She laughs again, relieved. The nurse tells her she can take some Ibuprofen if it’s tender and in a few days she can remove the Band-Aid. She cautions her to continue to use a condom to protect from sexually transmitted infections; her Implanon will protect her from pregnancy for up to three years, long enough to give her a good start with the Navy.

Anchors Aweigh!

Wednesday, April 15, 2009

Take a Stand With Your Teenager

I just read a New York Times’ article “Teenage Girls Stand by Their Man” by Jan Hoffman (March 18) about how teenaged girls are reacting to the alleged assault on pop-singer Rihanna by celebrity boyfriend Chris Brown.

I didn’t know either of these entertainers until this altercation, and that probably says something about my age and the fact that I don’t spend every waking moment with 13 and 14 years olds the way I used to. But, because I spent 25 years with eighth and ninth graders, I wasn’t surprised at the reaction of these teens to this situation.

I thought Esta Soler of the Family Violence Prevention Fund made the most salient point in the article when she said that teenagers’ opinions are fluid. “What they feel in the morning can be different from what they feel in the evening,” says Soler. That doesn’t mean we shouldn’t be uneasy about the reaction of teenagers who think the woman is at fault when she’s been assaulted. Fluidity means that teens are open to changing their minds, listening to other points of view.

In no uncertain terms, parents and influential adults must let teens know that they abhor the violence in this relationship. If we do not speak out, we are condoning the violence.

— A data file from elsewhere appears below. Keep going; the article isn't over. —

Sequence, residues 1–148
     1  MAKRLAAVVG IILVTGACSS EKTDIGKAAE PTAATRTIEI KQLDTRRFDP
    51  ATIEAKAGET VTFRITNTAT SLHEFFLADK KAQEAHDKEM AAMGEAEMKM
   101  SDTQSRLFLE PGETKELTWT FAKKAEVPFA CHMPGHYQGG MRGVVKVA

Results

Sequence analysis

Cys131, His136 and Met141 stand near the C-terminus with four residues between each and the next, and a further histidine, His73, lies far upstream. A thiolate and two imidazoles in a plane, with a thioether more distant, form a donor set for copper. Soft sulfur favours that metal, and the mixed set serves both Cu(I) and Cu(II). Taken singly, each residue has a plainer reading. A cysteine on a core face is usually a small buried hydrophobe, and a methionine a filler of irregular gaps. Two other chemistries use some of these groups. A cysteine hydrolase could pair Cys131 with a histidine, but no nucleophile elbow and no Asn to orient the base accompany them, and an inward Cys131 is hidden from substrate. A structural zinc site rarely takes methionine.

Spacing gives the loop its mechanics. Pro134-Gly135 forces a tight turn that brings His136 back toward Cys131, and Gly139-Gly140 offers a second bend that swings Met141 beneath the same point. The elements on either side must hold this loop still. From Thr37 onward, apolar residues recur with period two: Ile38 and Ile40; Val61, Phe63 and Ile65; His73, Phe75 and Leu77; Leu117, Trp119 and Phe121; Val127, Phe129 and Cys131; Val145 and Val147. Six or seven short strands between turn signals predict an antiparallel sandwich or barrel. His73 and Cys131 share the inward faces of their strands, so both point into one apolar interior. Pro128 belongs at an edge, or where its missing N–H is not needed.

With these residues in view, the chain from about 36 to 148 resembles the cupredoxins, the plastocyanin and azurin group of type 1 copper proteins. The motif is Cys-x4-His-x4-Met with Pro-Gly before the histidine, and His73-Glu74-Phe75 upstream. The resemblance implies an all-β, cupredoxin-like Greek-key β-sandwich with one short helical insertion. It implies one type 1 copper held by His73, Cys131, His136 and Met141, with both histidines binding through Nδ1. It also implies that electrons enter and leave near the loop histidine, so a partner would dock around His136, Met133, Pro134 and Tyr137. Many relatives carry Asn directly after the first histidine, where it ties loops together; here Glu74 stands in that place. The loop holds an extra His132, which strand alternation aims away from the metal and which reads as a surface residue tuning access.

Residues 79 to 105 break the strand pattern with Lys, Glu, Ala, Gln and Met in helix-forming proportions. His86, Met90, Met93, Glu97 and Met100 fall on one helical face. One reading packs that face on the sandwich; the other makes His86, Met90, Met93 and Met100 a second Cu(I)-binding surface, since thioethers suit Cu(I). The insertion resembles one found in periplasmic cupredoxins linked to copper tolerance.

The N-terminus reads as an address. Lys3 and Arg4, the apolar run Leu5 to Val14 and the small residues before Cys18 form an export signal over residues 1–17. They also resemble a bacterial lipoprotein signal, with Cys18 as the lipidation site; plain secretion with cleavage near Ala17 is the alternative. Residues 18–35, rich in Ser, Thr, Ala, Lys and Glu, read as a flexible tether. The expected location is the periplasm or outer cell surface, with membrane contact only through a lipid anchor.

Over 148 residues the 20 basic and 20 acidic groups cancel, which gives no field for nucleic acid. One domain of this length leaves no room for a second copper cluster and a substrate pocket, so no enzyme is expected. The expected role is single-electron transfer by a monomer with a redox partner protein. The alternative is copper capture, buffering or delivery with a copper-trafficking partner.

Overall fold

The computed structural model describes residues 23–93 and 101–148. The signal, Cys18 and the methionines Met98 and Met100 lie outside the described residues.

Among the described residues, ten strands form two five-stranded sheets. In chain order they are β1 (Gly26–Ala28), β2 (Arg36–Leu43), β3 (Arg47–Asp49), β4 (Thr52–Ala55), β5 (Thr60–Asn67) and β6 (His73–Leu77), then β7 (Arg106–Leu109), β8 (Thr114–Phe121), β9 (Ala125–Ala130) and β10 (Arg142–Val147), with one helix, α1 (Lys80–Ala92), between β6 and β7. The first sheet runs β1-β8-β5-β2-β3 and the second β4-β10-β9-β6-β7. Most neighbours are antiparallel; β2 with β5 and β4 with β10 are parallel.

In the absence of caring adults having conversations with teenagers about relationships and civil behavior, the media will fill the gap, defining what acceptable and unacceptable behavior is.

No matter how often adolescents roll their eyes at their parents and grandparents, and no matter how many times they stomp out of the room, teen surveys tell us that it’s their parents and grandparents who most influence their attitudes. Teens want to talk with adults they trust about relationship issues, and in many cases, we’re missing an opportunity to build a long-lasting relationship with our children by not sharing with them our own experiences with the nuances of building a relationship.

When I asked college students at the University of Northern Iowa what I should tell their parents and grandparents as I travel around the state talking about unintended pregnancy, they said, “Tell them we came to college without the tools to make wise decisions.”

We can’t let media celebrities define values for our children, but we can use their celebrity as a bridge to talking with young people. If it’s unbecoming or uncivil behavior which we don’t accept or condone, as is the case with Rihanna and Chris Brown, we can say, “I think it’s wrong for one person in a relationship to hit another.” Or, “This is not the way your mother/father and I treat each other. This is no way to treat someone you love.” Or, “How do you think Rihanna should have handled the situation? Do you think she should press charges?”

Then, we need to be quiet and listen. Teenagers have opinions, even if they’re fluid, and their opinions are important even though they may not match ours. They need to try out their opinions in a comfort zone, but it’s our job to let them know where we stand.